People with dementia can be stubborn! They insist that the trash goes in the refrigerator, or their mother who died fifteen years ago is going to pick them up in ten minutes. You have two options:

A. Correct their mistake.

B. Agree that they are right.

Option A will not only have them disagree with you, it will likely make them confused or agitated, or in the case of their mother sad that they did not know she died. Almost never does trying to use logic with someone with dementia, especially advanced dementia, ever work.

If you choose option B, you avoid an emotional breakdown. You can always take the trash out of the refrigerator later.

I am sure it feels really good for you to correct your family member and straighten out that the coat closet is for coats and not dirty laundry. Chances are you will be the only one of the two of you who feels better. The dementia sufferer will wonder why you don’t want to put dirty laundry in what they think is the hamper. They may get agitated that you are insisting their coat goes into the hamper when it is not dirty and they will not have it until the laundry is done.

You need look at life from the perspective of someone with dementia and not from your perspective. It is very difficult to do. We understand the world logically. That logic can be turned on its head for a dementia sufferer. Imagine if someone told you to wear a sweater in July or had you put cookies under your mattress instead of in the cookie jar. You would be confused and perhaps angry. This is how you are making your relative feel.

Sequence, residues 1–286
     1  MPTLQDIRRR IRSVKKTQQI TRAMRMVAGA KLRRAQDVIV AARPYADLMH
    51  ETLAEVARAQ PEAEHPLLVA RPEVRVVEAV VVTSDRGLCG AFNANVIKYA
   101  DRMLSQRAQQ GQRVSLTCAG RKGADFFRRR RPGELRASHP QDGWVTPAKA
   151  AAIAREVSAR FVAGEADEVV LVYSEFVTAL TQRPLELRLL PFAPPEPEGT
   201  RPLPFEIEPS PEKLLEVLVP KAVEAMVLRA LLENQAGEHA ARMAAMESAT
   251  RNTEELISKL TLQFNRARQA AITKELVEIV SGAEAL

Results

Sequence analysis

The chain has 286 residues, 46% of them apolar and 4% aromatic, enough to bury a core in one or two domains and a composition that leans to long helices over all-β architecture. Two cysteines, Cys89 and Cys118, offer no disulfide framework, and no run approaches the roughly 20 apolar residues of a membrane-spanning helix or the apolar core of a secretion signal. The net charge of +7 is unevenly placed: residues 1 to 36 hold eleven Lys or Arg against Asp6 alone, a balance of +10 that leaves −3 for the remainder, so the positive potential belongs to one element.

What should you do if someone insists on doing something dangerous or potentially dangerous? Redirect them immediately. If they are going to take a sip of dish detergent, you need to take the detergent out of their hands and say, “That drink has been out for too long. I have drink that is much better in the refrigerator.” Then put the dish detergent away in a safe place so it doesn’t happen again.

I have seen too many well intentioned family members make a situation much worse by correcting their loved ones. These relatives were glad that they helped their loved one remember that they haven’t lived on Maple Street for twenty years, thinking the person will now recall when they moved. What they didn’t understand is that that the dementia sufferer now feels that they have no place to live. These people may not be able to verbalize that they think they are homeless, they just act out.

Regardless of your response, never forget to be kind. No one chooses to have dementia and act the way they do. Stop trying to be right and instead focus on doing the right thing.

picture: Pixabay